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Postpartum Depression: Voice of Indian moms

As a part of one of our initiatives to spread health awareness and provide moms medical assistance at their time of need, Credihealth created the New Moms Club – a club home to more than a staggering 11,000 moms from across India and foreign countries. Although the focus is to help moms with their health needs – be a gynecologist or pediatrician for their child, the focal point has always been – you guessed it – new moms. These are expecting moms and those who have recently turned into a mommy.

While having a child is a gift from God, there is next to no recognition of postpartum depression – also called postnatal depression – this type of clinical depression is less talked about and rarely ever taken seriously in a country of more than a billion people. Common symptoms include feeling sad, sleeping problems, low sex drive, crying episodes, anxiety, and irritability. We wanted to find out the truth – do a majority of Indian women have postpartum depression? A poll from a recent survey on the group confirms –

A majority of women have postpartum depression.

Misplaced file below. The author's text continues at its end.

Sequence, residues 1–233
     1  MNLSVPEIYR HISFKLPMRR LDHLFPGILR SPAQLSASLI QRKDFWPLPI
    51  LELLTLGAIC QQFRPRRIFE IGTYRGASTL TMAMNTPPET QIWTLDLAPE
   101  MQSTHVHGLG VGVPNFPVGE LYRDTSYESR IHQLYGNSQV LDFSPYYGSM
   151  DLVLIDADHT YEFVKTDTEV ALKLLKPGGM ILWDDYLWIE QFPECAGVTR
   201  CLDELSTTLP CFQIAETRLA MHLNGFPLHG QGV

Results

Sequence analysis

Half of this number state they do not have postpartum depression, while a number close to admit they’re not sure if they ever had postpartum depression. For a more clearer understanding, here is a precise description of postpartum depression by Mimansa Singh Tanwar, Clinical Psychologist in Fortis Healthcare.

We all grow up hearing a common saying “mother is a representative of God”. She has the strength to bear the pain, be patient and tolerant to the child’s and her family’s needs. In referring to her as a “Super Mother” or “Super Woman”, we paint a picture of her perfection leaving little space for her imperfections. This perfect image is what we wish and start identifying with as mothers.

Motherhood is a milestone in a woman’s life that brings in a lot of transitions.

It surely is difficult, demanding and evokes deepest of insecurities and anxieties. Every moment in the life of mother is full of uncertainties and that, is a continuous struggle. Whether it’s feeding, weaning off, baby throwing a tantrum, learning to walk, difficulty sleeping, incessant crying leading to gasping for breath or refusing to eat, all these small experiences bring in mixed emotions of anxiety, anger, irritability, frustration, exhaustion and sometimes sadness. These create self doubts and we continue to push ourselves harshly towards being a “good or perfect mother”. Be a home maker or a working mother, the experience is different yet similar for every woman.

Read the complete article by Mimansa Singh Tanwar, Clinical Psychologist in Fortis Healthcare.